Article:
Monday, October 24, 2011

OCD and Serenity

Serenity Prayer Stone

I've been thinking about the Serenity Prayer this week.
God grant me the serenity to accept the things I cannot change, the courage to change the things I can, and the wisdom to know the difference.
A lot has been going on and I am dealing with it. My skin biopsy came back benign, and I didn't have the backwash of figuring out whether I'd made a mistake in calling the dermatologist, and being "oversensitive." I took my best guess, and the moment before calling was worst, but I also was accepting that I couldn't diagnose cancer by checking my ear constantly, and that felt so much better than standing in front of the mirror, holding a handmirror and a flashlight and contorting myself to get a glimpse. My mother was back in the hospital for the second time with fluid under her lung, and although I was concerned for her, I didn't research the procedure.

The challenge I always had with the Serenity Prayer is the last line, the "wisdom to know the difference" between what I can and cannot change. In my obsessiveness, I would attempt to definitively figure this out, because I had to be right, or I was a failure as a human being. I had the illusion I actually could have a 100% success rate in predicting whether I could change something, or whether I needed to accept it. Over the last few years of ERP treatment for my OCD, I've come to see that this prayer actually ASKS for the wisdom to know the difference, and this implies that at times we will fail in distinguishing this.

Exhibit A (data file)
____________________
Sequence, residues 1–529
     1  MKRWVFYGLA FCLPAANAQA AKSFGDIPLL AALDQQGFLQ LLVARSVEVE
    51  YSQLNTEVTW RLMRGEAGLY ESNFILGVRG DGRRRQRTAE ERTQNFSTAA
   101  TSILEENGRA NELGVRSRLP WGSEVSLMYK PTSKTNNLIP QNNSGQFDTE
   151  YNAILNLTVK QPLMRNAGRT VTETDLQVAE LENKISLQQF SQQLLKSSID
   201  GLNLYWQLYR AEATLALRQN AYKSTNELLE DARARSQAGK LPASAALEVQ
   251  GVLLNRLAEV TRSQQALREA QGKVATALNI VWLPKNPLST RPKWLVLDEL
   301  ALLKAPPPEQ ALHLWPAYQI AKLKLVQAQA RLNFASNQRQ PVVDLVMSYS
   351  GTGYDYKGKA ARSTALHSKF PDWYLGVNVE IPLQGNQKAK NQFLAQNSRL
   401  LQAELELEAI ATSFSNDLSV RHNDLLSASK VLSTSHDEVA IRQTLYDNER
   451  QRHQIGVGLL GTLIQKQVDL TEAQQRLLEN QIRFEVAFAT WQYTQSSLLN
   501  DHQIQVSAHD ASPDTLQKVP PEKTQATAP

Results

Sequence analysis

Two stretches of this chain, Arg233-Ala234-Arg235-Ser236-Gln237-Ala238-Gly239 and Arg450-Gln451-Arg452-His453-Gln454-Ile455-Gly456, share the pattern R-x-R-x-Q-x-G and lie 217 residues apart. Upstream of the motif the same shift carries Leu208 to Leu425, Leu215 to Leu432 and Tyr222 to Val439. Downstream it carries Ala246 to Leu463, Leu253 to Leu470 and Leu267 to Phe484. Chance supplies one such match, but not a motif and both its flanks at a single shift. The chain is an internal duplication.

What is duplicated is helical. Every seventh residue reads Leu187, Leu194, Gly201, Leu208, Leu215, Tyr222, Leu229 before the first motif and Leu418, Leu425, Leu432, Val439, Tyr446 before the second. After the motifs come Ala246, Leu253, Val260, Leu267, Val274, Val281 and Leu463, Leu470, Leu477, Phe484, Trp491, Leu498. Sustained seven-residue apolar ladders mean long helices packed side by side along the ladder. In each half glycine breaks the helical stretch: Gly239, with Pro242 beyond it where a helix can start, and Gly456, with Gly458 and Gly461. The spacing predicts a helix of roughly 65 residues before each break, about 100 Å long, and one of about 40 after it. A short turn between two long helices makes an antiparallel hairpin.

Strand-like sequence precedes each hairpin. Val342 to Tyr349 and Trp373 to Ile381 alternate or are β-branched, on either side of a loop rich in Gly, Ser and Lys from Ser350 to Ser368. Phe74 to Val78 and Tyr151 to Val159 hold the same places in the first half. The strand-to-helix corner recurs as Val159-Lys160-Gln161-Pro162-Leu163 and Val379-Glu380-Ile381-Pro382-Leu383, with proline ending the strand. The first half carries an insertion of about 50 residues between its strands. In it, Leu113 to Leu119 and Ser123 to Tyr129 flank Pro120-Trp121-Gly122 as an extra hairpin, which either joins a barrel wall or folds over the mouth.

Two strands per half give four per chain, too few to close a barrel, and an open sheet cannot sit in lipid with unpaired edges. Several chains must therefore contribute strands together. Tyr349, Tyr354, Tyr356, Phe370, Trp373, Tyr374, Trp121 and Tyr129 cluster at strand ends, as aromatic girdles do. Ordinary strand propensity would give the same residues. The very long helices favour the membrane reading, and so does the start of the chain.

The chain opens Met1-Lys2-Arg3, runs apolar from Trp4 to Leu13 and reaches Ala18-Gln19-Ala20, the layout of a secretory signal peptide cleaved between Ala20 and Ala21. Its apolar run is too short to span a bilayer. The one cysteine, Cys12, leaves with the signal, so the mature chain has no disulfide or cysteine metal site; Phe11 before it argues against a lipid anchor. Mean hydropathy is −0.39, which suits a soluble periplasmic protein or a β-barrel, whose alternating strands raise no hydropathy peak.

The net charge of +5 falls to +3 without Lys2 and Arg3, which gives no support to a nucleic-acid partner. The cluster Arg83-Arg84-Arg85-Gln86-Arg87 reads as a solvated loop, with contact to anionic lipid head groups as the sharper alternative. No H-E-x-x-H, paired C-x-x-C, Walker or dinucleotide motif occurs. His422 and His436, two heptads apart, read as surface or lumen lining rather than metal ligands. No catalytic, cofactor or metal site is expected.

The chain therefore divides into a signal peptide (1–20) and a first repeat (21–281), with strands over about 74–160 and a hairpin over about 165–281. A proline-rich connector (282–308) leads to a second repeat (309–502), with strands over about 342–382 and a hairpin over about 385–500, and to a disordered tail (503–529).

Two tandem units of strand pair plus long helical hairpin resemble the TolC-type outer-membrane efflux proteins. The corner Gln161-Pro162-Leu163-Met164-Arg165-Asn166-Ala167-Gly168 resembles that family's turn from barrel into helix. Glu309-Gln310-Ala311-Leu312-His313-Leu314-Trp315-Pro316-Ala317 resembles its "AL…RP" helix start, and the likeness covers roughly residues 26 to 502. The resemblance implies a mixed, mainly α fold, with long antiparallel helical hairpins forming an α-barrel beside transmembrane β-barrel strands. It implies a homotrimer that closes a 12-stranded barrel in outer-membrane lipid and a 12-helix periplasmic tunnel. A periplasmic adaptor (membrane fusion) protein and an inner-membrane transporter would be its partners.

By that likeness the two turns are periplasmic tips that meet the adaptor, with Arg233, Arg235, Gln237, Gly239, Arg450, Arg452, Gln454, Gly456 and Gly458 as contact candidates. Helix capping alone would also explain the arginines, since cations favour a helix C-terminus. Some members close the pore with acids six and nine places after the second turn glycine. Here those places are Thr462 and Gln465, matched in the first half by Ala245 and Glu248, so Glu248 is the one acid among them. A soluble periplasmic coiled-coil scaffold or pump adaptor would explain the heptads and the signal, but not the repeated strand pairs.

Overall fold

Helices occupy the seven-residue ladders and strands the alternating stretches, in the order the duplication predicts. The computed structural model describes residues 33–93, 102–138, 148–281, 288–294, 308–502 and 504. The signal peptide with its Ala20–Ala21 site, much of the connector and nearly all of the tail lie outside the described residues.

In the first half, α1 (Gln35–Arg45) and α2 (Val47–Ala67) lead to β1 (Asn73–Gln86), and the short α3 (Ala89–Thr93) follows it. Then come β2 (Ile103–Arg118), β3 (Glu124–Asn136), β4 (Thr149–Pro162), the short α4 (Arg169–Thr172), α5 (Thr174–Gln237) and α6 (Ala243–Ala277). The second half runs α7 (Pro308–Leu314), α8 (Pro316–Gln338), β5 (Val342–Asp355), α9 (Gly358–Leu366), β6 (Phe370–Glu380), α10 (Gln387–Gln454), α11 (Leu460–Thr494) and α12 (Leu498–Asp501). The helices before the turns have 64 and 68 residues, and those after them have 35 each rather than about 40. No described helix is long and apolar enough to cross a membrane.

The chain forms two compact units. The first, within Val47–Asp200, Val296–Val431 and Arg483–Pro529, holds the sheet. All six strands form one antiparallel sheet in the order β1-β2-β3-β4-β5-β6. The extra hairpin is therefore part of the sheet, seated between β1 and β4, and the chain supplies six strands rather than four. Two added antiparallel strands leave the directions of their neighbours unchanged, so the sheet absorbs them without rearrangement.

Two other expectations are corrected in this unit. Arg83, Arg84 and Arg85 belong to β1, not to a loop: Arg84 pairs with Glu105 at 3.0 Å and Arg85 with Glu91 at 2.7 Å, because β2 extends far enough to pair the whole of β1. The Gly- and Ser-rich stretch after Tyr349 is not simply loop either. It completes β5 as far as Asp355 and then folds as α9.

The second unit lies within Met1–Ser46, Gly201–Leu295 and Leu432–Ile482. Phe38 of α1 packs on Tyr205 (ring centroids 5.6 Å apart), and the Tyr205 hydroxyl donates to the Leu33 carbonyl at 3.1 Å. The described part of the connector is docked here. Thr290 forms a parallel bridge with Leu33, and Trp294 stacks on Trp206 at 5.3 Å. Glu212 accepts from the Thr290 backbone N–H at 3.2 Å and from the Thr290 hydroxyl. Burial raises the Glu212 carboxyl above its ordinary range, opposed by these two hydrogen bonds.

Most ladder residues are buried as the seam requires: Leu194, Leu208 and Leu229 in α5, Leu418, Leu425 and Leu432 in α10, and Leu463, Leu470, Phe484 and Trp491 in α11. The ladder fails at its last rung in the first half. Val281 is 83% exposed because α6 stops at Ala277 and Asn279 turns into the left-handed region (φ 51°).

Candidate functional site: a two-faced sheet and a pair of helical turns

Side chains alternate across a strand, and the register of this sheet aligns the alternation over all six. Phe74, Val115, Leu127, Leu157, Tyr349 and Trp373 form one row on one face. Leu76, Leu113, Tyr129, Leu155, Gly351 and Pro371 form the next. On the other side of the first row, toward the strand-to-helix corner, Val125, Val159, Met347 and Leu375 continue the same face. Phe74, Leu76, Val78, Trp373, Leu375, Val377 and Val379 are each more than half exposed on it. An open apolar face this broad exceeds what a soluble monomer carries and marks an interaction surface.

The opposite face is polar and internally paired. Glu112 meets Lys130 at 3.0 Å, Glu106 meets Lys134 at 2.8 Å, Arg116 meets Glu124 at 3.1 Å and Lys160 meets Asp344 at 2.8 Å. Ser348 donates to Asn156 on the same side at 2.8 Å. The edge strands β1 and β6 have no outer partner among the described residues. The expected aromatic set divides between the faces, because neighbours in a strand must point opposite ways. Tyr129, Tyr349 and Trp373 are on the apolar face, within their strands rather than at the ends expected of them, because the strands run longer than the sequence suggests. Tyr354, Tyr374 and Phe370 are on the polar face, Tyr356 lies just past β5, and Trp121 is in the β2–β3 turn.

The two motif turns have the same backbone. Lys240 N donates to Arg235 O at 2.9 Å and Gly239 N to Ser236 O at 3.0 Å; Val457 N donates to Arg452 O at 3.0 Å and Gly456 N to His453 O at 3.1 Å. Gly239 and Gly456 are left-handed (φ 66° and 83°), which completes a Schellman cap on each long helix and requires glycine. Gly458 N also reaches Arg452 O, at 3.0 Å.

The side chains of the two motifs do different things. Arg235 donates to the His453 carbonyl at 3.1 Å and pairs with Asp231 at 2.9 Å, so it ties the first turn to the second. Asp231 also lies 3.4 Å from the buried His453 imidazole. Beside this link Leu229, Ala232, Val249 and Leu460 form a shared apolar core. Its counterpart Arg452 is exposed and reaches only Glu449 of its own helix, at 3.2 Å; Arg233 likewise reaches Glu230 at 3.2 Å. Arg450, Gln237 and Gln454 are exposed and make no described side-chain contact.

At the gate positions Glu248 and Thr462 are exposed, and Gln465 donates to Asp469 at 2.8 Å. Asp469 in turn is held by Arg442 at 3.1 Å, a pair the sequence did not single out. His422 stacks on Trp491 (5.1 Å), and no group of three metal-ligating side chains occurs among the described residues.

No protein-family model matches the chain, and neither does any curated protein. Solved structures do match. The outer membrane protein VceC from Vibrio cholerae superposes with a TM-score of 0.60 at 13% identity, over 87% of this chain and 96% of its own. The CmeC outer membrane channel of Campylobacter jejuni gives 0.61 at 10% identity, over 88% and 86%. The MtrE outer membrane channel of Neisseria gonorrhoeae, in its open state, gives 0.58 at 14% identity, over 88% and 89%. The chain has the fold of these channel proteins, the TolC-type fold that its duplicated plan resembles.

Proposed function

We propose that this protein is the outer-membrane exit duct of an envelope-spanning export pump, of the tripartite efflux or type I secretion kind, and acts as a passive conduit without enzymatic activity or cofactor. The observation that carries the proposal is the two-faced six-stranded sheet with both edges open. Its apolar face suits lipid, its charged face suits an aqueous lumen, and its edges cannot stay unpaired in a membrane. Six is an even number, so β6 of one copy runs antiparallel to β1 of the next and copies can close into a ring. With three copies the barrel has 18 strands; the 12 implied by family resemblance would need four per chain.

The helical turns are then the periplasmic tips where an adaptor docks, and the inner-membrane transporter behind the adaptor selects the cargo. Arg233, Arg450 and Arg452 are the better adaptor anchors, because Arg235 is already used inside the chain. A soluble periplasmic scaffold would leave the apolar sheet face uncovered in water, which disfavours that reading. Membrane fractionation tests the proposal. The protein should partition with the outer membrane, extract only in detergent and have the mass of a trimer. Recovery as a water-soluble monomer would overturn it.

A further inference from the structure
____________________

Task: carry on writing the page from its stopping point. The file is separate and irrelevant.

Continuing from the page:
There are some aspects of the 12 Steps that I really resonate with, particularly the idea of life becoming unmanageable when in the power of the disorder. Part of me really hoped that I wouldn't have to deal with uncertain symptoms, health problems, or my mother getting older, and my despair when these things happened was overwhelming. I ritualized to try and make the anxiety go away. Research heart surgery. Research skin cancer. Check my skin. Over and over. But we are embodied creatures, and our bodies are not immortal, and can be injured. The enormity of this is catastrophic when you aren't getting any help for the OCD. The compassion of my therapist, my husband, members of my support group, and blog readers helped me see how much of a burden this can be, and encouraged me to find some kindness for myself.

Saturday, October 8, 2011

OCD A to Z: Z is for Zero

Vintage Teal Zero Fan


I finally made it to Z! I started this OCD A to Z series in May, 2011. In thinking of a Z word, zero came to mind. For those who have suffered with OCD anxiety, there is a longing to feel zero anxiety ever again. Zero tolerance. Zero it out. Zilch. I remember my deep disappointment when I started Exposure Therapy, when my therapist said that we can't rid ourselves of all anxiety, that humans don't get that option.

OCD anxiety can be so intense, and my belief was that I couldn't cope with any more anxiety in my life. I also had a subset of existential obsessions about why there was suffering in the world, and a fear of strong feelings, with a belief that those would kill me. OCD is sneaky in giving the illusion that it's possible to escape anxiety entirely if you just do the rituals correctly. What I have learned in therapy though is that the wish to eradicate all anxiety is far more corrosive than the actual anxiety of life. OCD is such a heavy burden to add to the stresses and griefs of being human, and it is possible to thrive and get better and deal with the dictatorship of OCD rituals, and live life, in spite of difficult and painful things that happen.